|My Twitter posse is always there for me. Today they offered fast, good ideas for E-Media Tidbits.|
Like a lot of people, I’m an avid user of Twitter. But I don’t do so aimlessly. Twitter is worth my time because every day it offers me clear rewards:
- Posse power. The 700+ Twitter followers I’ve accumulated have proved to be a collectively generous helpful group that offers, by-and-large, on-target and useful information whenever I ask for help, feedback, or insight.
- Radar & serendipity. The 150+ people I currently follow on Twitter generally provide, at any time of day or night, a steady stream of interesing, useful, timely, or entertaining content.
- Relationship-building. This may sound strange for a text-only, short-post medium, but I’ve found Twitter to be a more natural, human tool for keeping up with friends and colleagues on a daily basis. It also relieves the sense of isolation from working at home alone every day.
- Convenience and lack of pressure. I leave Twitter on when I have time or can offer divided attention, and turn it off when I need to focus. I feel no need to “catch up” on posts that happen when I’m not online. (Replies or direct messages to me do get saved so I can see them later, however.)
Of all those rewards, “posse power” is by far the most important and valuable. I’ve come to the conclusion that Twitter has become so very useful to me because I’ve actively cultivated a high-quality posse.
Here’s how I did it…
|Brymo, via Flickr (CC license)|
|Talk is a good start, and it need not be cheap, but by itself it generally doesn’t get much done.|
Earlier today Nokia’s Charlie Schick posted a thoughtful comment about how Nokia and its current and would-be customers might, through talking openly together, improve the situation in the high-end US phone market. (Also, Nokia director of corporate communications Mark Squires also just left a comment on this theme.)
Here’s my response to the excellent points Charlie raised…
|Nokia Director of Corporate Communications Mark Squires (seen here in a recent MobileJones interview) has joined our conversation about Nokia’s US service problems.|
This morning I was encouraged to see that yet another Nokia staffer, Mark Squires (Nokia’s Director of Corporate Communications) left a comment on my blog. He wrote:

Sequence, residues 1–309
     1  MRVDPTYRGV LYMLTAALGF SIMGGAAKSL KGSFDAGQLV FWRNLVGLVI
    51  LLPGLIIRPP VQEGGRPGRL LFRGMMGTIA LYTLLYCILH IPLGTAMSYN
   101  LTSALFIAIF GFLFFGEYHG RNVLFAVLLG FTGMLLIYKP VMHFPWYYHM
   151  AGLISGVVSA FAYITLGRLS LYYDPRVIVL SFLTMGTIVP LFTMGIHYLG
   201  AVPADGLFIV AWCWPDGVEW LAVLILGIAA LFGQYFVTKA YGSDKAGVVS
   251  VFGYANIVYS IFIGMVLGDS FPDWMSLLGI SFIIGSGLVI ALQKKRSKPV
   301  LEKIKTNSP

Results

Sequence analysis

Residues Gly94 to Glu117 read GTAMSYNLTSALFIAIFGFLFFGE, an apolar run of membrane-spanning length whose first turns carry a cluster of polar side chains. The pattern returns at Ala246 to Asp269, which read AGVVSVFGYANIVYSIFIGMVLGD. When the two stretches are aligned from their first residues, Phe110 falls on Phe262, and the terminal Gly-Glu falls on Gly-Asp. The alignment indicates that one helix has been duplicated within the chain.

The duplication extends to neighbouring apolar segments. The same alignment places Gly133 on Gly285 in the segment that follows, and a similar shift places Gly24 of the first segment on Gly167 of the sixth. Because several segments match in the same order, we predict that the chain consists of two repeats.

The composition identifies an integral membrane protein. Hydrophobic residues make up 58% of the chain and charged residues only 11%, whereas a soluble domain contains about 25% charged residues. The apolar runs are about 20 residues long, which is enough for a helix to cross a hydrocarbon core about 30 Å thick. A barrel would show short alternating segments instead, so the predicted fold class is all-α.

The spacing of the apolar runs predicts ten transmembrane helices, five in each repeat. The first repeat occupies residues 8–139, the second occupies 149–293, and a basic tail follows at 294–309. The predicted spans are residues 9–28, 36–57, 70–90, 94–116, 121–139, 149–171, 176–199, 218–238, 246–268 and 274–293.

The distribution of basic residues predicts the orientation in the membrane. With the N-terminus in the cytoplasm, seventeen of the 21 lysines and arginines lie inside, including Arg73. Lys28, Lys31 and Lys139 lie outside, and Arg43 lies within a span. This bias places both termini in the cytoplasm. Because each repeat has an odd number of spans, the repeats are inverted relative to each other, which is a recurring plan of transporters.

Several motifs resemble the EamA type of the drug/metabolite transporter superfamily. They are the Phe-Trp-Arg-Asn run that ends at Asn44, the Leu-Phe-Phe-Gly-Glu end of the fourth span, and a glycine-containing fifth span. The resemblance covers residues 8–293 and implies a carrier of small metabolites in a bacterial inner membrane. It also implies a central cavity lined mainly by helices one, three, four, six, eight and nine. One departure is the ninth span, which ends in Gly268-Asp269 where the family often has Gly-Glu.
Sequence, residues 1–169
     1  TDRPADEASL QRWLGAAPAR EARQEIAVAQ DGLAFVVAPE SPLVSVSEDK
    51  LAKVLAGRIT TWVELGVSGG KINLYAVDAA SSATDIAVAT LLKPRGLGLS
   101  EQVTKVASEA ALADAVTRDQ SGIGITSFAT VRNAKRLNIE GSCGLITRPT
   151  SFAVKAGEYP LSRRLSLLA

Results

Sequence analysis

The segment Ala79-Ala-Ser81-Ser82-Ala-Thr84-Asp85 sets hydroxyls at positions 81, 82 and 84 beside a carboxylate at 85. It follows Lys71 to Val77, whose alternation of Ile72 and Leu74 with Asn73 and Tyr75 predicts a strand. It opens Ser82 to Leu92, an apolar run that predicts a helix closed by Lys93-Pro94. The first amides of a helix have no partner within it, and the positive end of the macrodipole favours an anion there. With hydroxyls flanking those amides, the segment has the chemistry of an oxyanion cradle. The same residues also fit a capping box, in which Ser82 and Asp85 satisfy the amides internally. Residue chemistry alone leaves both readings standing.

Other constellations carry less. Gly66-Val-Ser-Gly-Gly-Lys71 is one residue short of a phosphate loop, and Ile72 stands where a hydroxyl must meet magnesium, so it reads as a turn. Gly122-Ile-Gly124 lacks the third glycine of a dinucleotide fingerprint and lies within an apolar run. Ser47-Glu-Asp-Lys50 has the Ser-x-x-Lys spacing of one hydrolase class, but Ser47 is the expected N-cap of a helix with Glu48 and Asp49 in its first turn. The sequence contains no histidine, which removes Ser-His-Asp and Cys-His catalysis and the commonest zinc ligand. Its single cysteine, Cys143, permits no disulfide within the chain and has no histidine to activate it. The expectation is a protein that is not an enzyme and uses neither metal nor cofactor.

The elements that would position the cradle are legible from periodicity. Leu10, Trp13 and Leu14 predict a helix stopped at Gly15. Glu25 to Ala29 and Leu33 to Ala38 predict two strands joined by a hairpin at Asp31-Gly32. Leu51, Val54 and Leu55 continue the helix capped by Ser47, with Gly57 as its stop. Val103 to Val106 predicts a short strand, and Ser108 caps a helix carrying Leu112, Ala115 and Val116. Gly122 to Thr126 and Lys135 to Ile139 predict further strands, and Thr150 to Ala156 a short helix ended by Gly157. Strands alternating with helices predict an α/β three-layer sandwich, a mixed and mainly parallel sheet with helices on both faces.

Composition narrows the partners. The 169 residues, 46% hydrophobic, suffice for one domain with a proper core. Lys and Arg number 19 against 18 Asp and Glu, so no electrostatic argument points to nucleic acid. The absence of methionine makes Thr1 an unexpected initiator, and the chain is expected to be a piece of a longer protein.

“Hi Amy, I work with Charlie at Nokia and have just tracked to your posts. First up sorry that one of our phones has rolled over on you and thank you for your input/thoughts/patience. Charlie and I are based outside of the US but I’ve written to my colleagues who are local to you and brought this matter to their attention. Lets see what can be done, in the mean time feel free to get in tough directly. Mark”
Thanks for joining this conversation Mark. Rather than taking this to private correspondence, I think it’s more beneficial to keep our exchanges on this public, since it affects Nokia’s entire potential US market for your N Series phones. This isn’t just about my personal experience.
You wrote: “Sorry that one of our phones has rolled over on you.”
…Actually, as I explained in my most recent post on this theme, my N95 phone (the device) was NOT the problem in my case. As I’ve expressed several times: the phone itself was great, I loved it. And I do understand that a firmware update to any high-tech device always represents a slight a risk of malfunction.
The main problem was Nokia’s inadequate service for high-end US customers like me.
I’m sorry to harp on the service quality vs. product quality issue, but it’s very important that you and your company understand this distinction. So far, I’m not sure Nokia really gets it. But this key concern could easily make or break Nokia’s attempt to make serious headway in the US high-end cell phone market. I’m continuing to speak up about this because I really do want Nokia to succeed in the US….